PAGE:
"Flying Home" presents at least four folk variations on the flying motif and as many more mythic ones. The story is based on the former military practice of withholding from blacks the opportunity to fly airplanes, a historical situation that so largely bore out the folklore of flying that it immediately became part of it. The protagonist in the story is a student at the Negro air school in Tuskegee, established during World War II in response to complaints about discrimination against blacks in pilot training. The story about the school was that it trained black men to fly but never graduated them to combat. Todd, the flier in this story, who feels he acquires dignity from his airplane and the appreciation of his white officers and shame from his relationship with ignorant black men, has run into a buzzard and crashed in a white man's filed. Jefferson, the "ignorant black man" who finds him, sends for help, and keeps him company while they wait, tells him two folktales—a brief anecdote about seeing two buzzards emerge from the insides of a dead horse and the comic story of the Colored Man who tore up heaven flying.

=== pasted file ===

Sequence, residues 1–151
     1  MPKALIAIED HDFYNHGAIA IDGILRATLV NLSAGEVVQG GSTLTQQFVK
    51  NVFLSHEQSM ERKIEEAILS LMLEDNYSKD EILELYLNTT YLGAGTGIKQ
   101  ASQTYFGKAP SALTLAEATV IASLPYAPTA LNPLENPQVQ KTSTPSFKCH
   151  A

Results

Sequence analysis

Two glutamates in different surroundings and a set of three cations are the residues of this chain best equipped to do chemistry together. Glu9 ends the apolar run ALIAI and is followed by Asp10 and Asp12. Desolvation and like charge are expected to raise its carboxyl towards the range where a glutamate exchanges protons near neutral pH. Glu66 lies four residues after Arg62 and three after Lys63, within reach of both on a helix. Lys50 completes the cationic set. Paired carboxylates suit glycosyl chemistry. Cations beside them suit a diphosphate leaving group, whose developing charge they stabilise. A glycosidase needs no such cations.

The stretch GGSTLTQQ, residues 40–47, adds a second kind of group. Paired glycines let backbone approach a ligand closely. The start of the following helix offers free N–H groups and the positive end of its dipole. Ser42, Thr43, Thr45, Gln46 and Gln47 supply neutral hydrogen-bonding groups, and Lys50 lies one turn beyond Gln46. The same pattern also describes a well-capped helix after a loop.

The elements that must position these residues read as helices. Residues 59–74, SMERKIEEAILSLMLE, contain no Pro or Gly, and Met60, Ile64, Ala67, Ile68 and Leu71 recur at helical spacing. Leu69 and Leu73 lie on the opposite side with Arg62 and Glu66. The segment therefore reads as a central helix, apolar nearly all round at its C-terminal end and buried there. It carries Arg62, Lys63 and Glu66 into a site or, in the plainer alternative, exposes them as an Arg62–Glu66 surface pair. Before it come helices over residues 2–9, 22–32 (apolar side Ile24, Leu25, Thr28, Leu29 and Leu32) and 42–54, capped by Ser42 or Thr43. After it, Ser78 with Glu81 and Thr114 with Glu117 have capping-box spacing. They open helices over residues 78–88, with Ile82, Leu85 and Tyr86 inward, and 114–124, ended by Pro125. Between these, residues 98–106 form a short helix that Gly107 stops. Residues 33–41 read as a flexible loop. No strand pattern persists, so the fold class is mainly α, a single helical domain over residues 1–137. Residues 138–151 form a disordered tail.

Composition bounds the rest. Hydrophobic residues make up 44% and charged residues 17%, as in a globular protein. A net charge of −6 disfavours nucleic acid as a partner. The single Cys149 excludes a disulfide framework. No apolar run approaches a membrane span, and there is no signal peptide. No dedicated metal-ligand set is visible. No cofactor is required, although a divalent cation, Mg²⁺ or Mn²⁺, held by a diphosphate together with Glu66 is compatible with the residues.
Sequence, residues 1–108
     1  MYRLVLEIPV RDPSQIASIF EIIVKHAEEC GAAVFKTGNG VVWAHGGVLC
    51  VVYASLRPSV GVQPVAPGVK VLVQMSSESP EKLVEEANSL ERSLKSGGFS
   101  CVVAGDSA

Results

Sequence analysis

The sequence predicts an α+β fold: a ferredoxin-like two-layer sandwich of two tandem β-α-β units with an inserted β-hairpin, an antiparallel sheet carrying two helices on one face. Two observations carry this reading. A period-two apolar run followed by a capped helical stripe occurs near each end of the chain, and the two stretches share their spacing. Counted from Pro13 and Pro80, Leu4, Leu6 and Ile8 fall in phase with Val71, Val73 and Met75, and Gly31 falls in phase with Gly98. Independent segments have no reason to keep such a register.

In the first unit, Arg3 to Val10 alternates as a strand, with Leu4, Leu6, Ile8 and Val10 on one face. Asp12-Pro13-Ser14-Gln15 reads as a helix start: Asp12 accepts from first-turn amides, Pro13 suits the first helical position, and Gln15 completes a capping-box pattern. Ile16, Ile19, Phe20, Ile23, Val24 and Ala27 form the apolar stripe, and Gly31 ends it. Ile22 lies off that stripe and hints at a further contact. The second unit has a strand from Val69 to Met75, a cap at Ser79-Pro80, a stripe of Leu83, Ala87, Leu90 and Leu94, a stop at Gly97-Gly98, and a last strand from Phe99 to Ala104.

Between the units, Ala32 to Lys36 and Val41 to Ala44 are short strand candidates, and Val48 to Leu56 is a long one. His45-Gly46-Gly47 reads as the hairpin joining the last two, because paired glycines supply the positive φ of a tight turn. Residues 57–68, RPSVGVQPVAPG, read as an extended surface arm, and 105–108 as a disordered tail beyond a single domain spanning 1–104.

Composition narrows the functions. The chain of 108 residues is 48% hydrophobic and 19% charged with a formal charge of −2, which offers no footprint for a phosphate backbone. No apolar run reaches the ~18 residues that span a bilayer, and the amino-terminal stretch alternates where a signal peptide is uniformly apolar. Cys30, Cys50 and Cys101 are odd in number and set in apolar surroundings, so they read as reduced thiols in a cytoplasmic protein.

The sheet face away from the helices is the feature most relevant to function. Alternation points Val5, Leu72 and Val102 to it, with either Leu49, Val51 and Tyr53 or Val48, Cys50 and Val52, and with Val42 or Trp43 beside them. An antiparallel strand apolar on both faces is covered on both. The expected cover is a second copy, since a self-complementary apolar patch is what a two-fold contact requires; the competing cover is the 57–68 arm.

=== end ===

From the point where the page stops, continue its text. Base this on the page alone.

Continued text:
The buzzard is a common figure in black folklore, representing sometimes the black person scrounging for survival, sometimes his predators, and always the precariousness of life in a predatory society. In one story, told by Mrs. I. E. Richards, the buzzard is represented as a bird that flies higher than the average but has to come down to get food; this story is told to impress children that "regardless of what you might have … we all have to live on the same level." All these folk associations are active in the references to buzzards in "Flying Home." The birds are black; Jefferson says that his grandson Teddy calls them jimcrows. Representing not only the black man, Todd, but the Jim Crow society, they symbolize the destructiveness of both. Todd thinks of himself as a buzzard when he cries, "Can I help it if they won't let us actually fly? Maybe we are a bunch of buzzards feeding on a dead horse, but we can hope to be eagles, can't we?" But there is also a clear analogy between him and the horse's carcass ("Saw him just like I see you," says Jefferson of the horse): he is being devoured by both the Jim Crow society and his own shame at blackness. Todd (Tod 'death') is, in trying to destroy old Jefferson, also feeding on his own dead self. So the moral of Mrs. Richards' buzzard story also applies to Todd: he learns that he cannot set himself above other blacks because, as Jefferson reminds him, "You black son…. You have to come by the white folks, too."